Police are planning a publicity campaign to try to cut numbers of inappropriate calls to its 999 and 101 telephone services because of the scale of “frankly wacky” inquiries which are clogging up the system and slowing response times to genuine emergencies.
Chief Constable Stephen Watson has revealed one recent 999 caller wanted to speak to police to report “the discovery of an unusual slug in her garden”, while calls from people reporting incidents such as take-away meal deliveries not arriving are also commonplace.
The content of some calls has been so bizarre, there is an assumption they are urban legends which have not actually occurred, he said.
“Some of these stories are so frankly wacky people think they are somehow apocryphal,” he said.
“Someone dialled 999 to report the discovery of an unusual slug in her garden.
“This is not an argument to say all our calls are of that character.
“What we are pointing to is that there is clutterance in the system that doesn’t help. If we can take that out we have a better chance of dealing with the core,” he said.
The force is now devising a communications policy to try to highlight to the public that they need to use the telephone system appropriately to ensure it is available for those who need help with genuine emergencies.
A new computerised call handling system is being installed at the force’s Atlas Court communications centre, but has been delayed due to technical problems.
However, with the force now taking an average of more than 1,300 101 calls and dealing with 660 people on the 999 system every day, it would ultimately need more staff to dealing with a continued rise in demand, which would mean diverting police resources from elsewhere.
One complication for the force is dealing with the overlap of issues which people assume are policing concern when they might be better dealt with by other authorities, such as littering and fly tipping.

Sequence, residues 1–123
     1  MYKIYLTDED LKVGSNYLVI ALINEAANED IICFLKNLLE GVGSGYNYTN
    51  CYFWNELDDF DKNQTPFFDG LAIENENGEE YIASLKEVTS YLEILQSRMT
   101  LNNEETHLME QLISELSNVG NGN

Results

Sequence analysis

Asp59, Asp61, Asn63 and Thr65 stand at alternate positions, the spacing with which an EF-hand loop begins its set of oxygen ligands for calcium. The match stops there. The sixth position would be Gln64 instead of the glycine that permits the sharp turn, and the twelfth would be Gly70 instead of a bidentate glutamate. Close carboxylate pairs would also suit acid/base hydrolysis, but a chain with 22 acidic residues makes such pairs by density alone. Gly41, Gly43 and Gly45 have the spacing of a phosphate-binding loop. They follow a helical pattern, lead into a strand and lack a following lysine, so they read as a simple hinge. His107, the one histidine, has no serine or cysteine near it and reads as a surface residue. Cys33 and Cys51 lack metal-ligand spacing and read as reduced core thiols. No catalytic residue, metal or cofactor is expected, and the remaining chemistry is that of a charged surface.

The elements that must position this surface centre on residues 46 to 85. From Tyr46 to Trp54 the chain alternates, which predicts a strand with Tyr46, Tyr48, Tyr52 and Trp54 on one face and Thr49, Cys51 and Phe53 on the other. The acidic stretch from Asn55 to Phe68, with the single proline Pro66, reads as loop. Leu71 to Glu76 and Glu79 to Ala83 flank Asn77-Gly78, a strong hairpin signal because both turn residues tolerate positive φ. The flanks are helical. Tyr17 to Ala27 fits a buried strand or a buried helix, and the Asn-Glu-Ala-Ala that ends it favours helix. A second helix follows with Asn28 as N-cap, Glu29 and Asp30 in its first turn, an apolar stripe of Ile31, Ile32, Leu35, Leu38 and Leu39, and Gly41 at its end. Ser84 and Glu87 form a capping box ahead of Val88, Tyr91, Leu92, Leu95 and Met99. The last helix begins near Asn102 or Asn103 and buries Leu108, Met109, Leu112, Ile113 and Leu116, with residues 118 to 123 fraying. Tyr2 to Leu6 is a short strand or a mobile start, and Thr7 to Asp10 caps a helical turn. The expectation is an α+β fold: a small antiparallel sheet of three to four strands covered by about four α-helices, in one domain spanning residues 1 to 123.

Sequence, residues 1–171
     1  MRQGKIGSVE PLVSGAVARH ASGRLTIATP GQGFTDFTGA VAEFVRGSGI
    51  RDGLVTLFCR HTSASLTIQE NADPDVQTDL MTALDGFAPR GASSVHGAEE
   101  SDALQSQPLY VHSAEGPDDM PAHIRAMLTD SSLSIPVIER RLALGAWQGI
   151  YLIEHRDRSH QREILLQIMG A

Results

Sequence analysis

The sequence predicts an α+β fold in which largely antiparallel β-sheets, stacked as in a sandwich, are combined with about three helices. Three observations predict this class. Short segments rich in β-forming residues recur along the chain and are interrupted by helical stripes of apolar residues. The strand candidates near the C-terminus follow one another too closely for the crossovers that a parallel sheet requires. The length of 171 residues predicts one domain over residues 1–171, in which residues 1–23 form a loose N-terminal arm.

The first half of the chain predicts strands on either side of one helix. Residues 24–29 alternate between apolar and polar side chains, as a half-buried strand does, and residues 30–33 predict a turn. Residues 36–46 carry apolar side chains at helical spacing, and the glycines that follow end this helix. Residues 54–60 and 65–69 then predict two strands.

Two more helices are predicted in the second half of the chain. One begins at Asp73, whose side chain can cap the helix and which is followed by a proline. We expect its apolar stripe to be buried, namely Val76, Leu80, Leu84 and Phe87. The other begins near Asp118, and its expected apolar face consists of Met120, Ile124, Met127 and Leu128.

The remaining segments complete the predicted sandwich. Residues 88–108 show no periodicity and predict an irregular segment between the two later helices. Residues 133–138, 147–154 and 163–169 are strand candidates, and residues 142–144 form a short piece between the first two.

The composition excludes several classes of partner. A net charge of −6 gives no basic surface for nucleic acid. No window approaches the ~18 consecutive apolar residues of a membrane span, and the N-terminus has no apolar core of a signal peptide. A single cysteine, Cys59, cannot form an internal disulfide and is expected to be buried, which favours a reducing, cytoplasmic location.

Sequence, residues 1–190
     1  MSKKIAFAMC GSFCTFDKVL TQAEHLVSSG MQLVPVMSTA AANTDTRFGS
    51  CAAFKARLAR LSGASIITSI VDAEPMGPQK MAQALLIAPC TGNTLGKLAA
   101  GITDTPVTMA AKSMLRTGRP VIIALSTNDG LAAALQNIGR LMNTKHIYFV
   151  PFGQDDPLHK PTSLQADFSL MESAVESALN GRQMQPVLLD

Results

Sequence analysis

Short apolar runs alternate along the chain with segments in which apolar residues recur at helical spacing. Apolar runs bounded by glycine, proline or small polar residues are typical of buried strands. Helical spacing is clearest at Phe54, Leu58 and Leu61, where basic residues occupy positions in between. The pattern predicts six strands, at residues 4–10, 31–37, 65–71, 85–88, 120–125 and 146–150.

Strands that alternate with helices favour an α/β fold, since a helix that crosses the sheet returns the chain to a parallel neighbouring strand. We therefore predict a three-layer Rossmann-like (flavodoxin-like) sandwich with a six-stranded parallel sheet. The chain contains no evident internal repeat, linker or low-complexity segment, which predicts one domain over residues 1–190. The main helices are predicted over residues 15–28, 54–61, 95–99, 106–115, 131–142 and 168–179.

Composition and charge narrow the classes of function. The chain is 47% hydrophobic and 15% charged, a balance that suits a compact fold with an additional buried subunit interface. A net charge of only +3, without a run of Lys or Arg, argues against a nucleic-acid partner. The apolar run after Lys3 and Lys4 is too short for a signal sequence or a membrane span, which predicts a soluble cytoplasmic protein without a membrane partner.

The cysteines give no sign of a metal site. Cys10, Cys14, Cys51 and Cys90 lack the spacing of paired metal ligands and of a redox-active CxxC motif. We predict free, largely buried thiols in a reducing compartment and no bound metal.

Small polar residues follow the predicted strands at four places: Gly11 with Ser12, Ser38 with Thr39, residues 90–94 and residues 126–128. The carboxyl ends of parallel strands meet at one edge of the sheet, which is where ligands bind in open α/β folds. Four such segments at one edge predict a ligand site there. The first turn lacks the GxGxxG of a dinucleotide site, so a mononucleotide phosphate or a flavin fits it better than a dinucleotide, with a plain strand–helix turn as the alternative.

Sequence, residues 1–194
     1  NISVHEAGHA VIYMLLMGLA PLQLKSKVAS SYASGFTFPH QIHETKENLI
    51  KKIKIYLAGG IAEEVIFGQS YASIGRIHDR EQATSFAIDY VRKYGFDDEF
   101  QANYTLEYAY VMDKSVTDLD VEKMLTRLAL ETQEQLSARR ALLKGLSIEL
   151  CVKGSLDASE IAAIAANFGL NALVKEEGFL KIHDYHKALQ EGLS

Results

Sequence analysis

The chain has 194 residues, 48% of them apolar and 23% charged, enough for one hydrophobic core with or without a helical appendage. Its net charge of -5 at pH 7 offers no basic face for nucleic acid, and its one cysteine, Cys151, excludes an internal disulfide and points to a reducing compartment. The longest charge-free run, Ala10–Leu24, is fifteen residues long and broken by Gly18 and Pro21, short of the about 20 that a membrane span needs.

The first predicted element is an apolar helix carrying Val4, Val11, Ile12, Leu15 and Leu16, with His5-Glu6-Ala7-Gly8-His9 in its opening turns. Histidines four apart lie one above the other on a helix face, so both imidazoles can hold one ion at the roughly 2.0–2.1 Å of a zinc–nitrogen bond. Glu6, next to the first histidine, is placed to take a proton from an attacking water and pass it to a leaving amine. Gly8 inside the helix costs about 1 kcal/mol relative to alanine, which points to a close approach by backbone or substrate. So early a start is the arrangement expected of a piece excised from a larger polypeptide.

“One person’s littering is another person’s anti-social behaviour, we understand that,” he said.
“We get a lot of calls about graffiti, litter and fly tipping. All these are core local authority responsibilities and about which we have limited responsibility.
“We want to say to people, if there is an issue, don’t hang on 101 for 20 minutes to be disappointed. This (an alternative authority) is your point of contact and this is where it will be addressed,” he told a meeting of Police and Crime Commissioner Dr Alan Billing's public accountability board.
It is hoped in future that some pressure will be taken off the central call centre for actual police incidents, by encouraging direct contact between residents and the recently introduced neighbourhood teams which now serve all the county’s communities.
The police policy is to prioritise 999 calls over those making non-urgent enquiries and that has meant the force has been able to maintain a quick response to those calls in the face of rising demand.
“When we say we wish to prioritise triple nines, we have had a nine per cent increase in the last performance period,” said Mr Watson.
“We have maintained our performance on triple nines and that comes at the expense of 101. We have done that successfully and we have worked hard.”
The new call handling system is called Smart Contact and should have been introduced earlier this year, alongside a new internal communications system which is already functioning.
Current equipment is outdated and the objective of the two new systems is that they will allow call handlers to deal with callers more quickly and effectively, either through internal police action or by ‘signposting’ those wanting help with non-police matters to other authorities.
Police are providing regular updates to the commissioner's PAB, which meets to hold police to account for their performance, until the new call handling system is in place.